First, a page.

Mind you, visualizing things that he wanted to turn into “reality” was no stranger to Wade. In a 2002 interview he said: “Learn how to visualize. If (you) have a goal you’ve got to visualize every little aspect of it. You know, if I want to do a song for somebody, and I really want it happen, I’ll put myself in the situation. I’ll visualize what the studio looks like when we’re recording, I’ll picture myself walking to go get coffee, simple little things. But it just places you in the situation and makes it reality before it happens and then there’s not even a question that it’s going to happen. Every time I’ve done that, wholeheartedly, it’s always happened. It’s never failed.”
In 2014 he posted a Neale Donald Wash quote on his Facebook saying: “Think ONLY what you choose to experience, say ONLY what you choose to make real, and use your mind to consciously instruct your body to do ONLY what you choose to demonstrate as your highest reality.”
Wade also claimed on his blog that what prompted him to “confess” to his therapist was a popular TED talk by Brené Brown about “The Power of Vulnerability” that he was listening to on the way to his therapist that day. The talk is about “the courage to be imperfect”. It mentions how parents commit a mistake when they raise their children to be “perfect” and want “to make sure [they] make the tennis team by fifth grade any Yale by seventh”, which echoes Wade’s life who by the age of sixteen choreographed for international stars, such as Britney Spears. The lecture seems more related to Wade’s struggle with career expectations and his struggle to be “perfect” in his job from an early childhood (that we will address soon) than sexual abuse.
So these are the things Wade now claims triggered his alleged “realization” of sexual abuse.
But when we put together all elements of his story, including elements that he omitted from his court documents, a completely different story emerges.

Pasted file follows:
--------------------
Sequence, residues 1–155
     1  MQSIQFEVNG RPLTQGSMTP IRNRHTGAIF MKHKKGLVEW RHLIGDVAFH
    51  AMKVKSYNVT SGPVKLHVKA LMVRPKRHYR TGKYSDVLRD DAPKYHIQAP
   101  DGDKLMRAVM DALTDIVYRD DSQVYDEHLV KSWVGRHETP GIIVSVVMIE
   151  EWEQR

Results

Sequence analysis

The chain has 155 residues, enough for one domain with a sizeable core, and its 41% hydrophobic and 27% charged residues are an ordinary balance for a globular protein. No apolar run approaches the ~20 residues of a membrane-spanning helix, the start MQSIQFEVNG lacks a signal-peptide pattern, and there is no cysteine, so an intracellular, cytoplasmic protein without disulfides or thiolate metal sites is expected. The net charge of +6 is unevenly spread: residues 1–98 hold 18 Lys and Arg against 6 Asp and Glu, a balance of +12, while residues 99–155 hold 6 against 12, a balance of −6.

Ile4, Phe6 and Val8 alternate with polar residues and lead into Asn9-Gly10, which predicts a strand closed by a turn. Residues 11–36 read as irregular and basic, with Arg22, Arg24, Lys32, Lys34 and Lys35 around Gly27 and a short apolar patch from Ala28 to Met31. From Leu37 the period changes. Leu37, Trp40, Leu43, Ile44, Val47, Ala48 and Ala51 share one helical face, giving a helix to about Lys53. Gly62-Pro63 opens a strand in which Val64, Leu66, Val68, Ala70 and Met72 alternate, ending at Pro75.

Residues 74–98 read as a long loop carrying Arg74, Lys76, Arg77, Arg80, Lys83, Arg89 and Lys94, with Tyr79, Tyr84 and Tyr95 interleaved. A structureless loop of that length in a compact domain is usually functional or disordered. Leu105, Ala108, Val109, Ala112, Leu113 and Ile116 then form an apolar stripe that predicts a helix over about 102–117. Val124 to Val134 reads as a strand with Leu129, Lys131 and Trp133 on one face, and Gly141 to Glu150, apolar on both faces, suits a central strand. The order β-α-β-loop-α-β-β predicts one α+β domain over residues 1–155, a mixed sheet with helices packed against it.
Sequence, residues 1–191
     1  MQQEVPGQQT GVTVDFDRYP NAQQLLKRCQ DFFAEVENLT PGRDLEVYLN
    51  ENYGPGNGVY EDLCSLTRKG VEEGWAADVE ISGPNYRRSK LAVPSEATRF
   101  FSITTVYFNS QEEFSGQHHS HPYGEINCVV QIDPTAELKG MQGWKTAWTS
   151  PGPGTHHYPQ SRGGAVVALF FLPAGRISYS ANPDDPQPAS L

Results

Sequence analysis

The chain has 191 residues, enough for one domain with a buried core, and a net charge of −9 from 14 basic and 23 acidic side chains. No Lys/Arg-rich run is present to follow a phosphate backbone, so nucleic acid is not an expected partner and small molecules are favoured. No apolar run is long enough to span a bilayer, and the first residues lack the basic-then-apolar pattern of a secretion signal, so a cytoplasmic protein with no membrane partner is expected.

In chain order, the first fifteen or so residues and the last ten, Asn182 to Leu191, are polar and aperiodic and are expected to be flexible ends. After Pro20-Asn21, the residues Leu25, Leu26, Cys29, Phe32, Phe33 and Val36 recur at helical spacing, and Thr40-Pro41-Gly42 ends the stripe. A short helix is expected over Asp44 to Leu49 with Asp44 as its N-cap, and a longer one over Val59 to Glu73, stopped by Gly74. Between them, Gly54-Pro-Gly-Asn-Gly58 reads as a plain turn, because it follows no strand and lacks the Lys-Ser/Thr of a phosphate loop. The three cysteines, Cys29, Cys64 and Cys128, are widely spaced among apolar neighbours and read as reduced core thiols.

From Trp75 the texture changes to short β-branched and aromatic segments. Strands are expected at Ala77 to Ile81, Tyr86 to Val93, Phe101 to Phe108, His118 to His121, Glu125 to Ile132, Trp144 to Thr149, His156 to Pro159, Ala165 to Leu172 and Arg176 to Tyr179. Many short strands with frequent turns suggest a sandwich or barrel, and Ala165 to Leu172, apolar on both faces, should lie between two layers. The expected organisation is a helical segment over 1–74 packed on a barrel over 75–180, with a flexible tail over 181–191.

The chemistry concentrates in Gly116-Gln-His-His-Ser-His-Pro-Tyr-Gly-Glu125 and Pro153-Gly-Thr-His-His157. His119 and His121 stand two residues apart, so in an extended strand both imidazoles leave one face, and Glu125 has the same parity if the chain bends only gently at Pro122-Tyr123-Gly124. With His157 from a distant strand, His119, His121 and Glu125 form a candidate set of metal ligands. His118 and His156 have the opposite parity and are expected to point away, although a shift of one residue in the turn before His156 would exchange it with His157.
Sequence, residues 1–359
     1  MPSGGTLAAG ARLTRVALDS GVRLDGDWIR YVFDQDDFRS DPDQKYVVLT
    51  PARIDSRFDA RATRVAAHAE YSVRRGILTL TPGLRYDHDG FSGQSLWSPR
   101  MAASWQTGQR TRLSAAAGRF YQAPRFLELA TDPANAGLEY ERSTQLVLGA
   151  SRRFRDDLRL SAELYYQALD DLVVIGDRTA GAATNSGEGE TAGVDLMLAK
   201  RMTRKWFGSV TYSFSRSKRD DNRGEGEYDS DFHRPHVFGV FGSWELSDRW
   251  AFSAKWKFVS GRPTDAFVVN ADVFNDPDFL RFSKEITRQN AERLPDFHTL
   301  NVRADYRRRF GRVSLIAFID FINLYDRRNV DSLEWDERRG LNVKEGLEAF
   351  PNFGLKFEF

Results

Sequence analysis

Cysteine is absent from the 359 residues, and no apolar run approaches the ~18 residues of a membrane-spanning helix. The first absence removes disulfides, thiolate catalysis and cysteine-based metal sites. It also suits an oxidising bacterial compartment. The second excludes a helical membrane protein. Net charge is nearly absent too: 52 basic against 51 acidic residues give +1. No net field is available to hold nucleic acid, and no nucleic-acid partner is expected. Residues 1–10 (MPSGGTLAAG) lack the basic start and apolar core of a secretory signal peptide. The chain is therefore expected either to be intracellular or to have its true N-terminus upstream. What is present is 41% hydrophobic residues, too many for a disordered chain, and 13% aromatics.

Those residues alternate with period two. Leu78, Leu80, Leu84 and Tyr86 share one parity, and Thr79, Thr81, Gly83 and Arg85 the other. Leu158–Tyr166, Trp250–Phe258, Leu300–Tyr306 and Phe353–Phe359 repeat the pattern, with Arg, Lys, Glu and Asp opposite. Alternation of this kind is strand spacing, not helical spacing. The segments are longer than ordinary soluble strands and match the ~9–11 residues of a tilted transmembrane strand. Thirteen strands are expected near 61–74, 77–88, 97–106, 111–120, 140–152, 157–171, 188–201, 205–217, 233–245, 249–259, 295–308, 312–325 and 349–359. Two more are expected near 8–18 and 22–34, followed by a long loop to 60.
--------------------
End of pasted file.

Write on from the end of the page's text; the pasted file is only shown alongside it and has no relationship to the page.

After his first breakdown in 2011, but still before his turnaround in 2012, Wade returned to work “with his former sense of invincibility”, as he put it in his court papers. However, for a long time he had been struggling with the expectations and pressures of his job. He completely omitted this element from his lawsuit, but from his blog posts that he has published in 201 7 and 2018 (after his lawsuit was tossed) we learn about these struggles in detail.
Moreover, the therapist he went to in 2012, Dr. Larry Shaw, is a therapist whose focus is on people in high pressure jobs, whether in business or entertainment, and especially people who are in those jobs because of their family’s high expectations of them.
Dr. Shaw wrote in an article in 2015:“The guys I’ve worked with recently have father issues, which means they had very powerful fathers, so there’s an aspect of living under the father’s shadow. They’ve got this inner dialogue that’s really their father’s voice saying, “You’re not good enough. Everyone I’ve worked with, they all want to get out of the business. They’re at the top of their game and they’re miserable.”
That THIS was Wade’s real issue indeed, is echoed in several blog posts that he wrote in 2017-2018. For example, he wrote: “[A]gain and again, I set my sights higher, believing that the achievements were just not large enough yet, and that was why I hadn’t found fulfillment and happiness. But on that quest, I never found them. On that quest, I eroded and eventually crumbled.”
“I actually became more depressed, the more success I achieved because time after time, the expectation of fulfillment and happiness was not met. It felt like climbing a mountain and every time I looked up to the summit, it had moved further out of my reach. Nothing was ever enough.
The crumbling forced me to question all that I believed to be true. What if there was no achievement or bundle of achievements that could ever make me happy? What then would be the purpose of work? What then would be the purpose of life?”
In another blog post in April 2018 he reveals that he lost his fun in dancing and music when his career got to a level where a high pressure to achieve and succeed started accompanying those activities, from when he was about 19 years of age.
In yet another blog post in January 2018 he reveals that it were the pressures to achieve and succeed those lead to his nervous breakdowns:
“In my classes, I talk about my story of external success and all of the pressure and stress that came along with that. About my fruitless search for happiness and fulfillment via my external achievements. About how I was educated out of play and learned to be devastatingly serious. And how all of this led to complete breakdowns and the (temporary) destruction of my relationship with my gifts.”